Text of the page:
Chrome MoxSimian Spirit Guide

4 Chrome Mox, 4 Simian Spirit Guide

These are the cards that help accelerate out the threats and lock pieces as fast as possible. Both of them are card disadvantage at their core, but when you’re ending the game so quickly, the loss of cards doesn’t particularly matter.

 

Ancient TombCity of Traitors

4 Ancient Tomb, 4 City of Traitors

The staples of the Prison archetype, the mana advantage these provide is close to the number one reason that this deck works. Accelerating out a Chalice with X=1 with no effort, or facilitating fast Blood Moons or creature starts make these the most important parts of the deck. The fact that this limits the amount of colored mana you have makes threats that need a single red mana at a premium, which is why this deck plays 14 of them (21 if you count the Moon effects).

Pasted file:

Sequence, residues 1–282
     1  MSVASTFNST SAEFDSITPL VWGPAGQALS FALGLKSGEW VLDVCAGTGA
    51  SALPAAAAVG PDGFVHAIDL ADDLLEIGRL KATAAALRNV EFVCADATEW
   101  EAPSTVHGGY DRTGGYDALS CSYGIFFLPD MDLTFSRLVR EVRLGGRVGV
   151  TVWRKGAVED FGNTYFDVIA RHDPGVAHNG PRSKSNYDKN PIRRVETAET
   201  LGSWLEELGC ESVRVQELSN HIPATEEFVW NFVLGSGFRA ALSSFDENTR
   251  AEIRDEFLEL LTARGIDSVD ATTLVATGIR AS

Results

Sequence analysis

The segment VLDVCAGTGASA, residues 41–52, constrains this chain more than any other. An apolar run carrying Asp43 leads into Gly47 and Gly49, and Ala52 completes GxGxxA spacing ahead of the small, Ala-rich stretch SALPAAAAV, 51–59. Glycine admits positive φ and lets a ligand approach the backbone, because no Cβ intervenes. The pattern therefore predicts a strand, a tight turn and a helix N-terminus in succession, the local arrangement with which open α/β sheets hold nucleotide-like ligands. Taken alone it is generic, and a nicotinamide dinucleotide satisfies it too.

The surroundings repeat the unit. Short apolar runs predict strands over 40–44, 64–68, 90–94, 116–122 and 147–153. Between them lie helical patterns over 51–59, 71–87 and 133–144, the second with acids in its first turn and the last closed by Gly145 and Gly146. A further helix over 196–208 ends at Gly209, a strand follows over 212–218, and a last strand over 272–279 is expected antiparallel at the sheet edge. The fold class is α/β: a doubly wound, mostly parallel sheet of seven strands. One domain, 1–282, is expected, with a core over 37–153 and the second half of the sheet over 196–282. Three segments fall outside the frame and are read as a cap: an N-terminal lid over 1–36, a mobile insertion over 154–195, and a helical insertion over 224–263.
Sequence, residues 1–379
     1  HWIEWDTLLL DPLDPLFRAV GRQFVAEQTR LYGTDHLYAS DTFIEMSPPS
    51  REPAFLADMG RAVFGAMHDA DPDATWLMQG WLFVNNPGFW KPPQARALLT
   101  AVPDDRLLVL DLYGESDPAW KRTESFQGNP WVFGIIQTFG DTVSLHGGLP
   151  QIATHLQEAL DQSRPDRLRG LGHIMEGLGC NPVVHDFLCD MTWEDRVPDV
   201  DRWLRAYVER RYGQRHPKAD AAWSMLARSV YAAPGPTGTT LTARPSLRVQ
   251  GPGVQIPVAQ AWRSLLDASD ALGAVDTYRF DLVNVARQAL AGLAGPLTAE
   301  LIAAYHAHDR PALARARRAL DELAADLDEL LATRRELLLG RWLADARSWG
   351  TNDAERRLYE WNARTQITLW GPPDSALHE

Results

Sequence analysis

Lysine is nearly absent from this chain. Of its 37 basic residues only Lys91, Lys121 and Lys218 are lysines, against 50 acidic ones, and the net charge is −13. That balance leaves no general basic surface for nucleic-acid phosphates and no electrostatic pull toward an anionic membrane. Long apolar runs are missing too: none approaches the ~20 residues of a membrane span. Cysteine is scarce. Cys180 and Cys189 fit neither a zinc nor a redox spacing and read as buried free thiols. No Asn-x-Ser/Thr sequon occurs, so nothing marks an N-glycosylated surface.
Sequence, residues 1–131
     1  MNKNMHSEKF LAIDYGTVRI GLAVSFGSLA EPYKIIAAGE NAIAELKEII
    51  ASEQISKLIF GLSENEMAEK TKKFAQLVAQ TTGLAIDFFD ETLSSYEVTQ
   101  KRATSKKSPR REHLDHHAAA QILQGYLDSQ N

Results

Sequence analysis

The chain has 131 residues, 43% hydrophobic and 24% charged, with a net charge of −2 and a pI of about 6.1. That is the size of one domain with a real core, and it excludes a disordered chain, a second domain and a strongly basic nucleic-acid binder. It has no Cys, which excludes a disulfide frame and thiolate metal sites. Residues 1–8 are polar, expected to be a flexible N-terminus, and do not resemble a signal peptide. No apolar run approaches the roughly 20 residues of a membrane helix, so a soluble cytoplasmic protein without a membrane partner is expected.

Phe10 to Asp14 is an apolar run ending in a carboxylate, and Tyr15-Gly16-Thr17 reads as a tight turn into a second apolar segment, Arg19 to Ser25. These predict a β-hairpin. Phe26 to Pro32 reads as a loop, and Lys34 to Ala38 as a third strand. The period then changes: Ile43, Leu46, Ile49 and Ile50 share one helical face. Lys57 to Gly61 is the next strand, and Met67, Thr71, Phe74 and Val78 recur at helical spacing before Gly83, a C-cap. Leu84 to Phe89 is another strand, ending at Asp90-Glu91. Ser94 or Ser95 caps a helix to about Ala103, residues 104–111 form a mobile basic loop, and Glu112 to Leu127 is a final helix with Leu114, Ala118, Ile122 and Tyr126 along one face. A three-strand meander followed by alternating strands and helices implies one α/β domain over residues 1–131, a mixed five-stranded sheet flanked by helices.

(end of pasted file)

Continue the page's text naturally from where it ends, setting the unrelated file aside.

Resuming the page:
Shatterskull Smashing // Shatterskull, the Hammer PassMountain

4 Shatterskull Smashing, 8 Mountain

Mountains cast your spells, and Shatterskull Smashing is a Mountain with upside. Being able to turn your land into a removal spell is a big game, and it’s definitely a pretty substantial upgrade for the archetype.

 

Bonecrusher Giant // Stomp (Showcase)

4 Bonecrusher Giant

This card pulls double duty as a removal spell and an extra threat. Bonecrusher Giant is definitely one of the better cards to draw in matchups where you need to kill small creatures.

 

Fiery Confluence

2 Fiery Confluence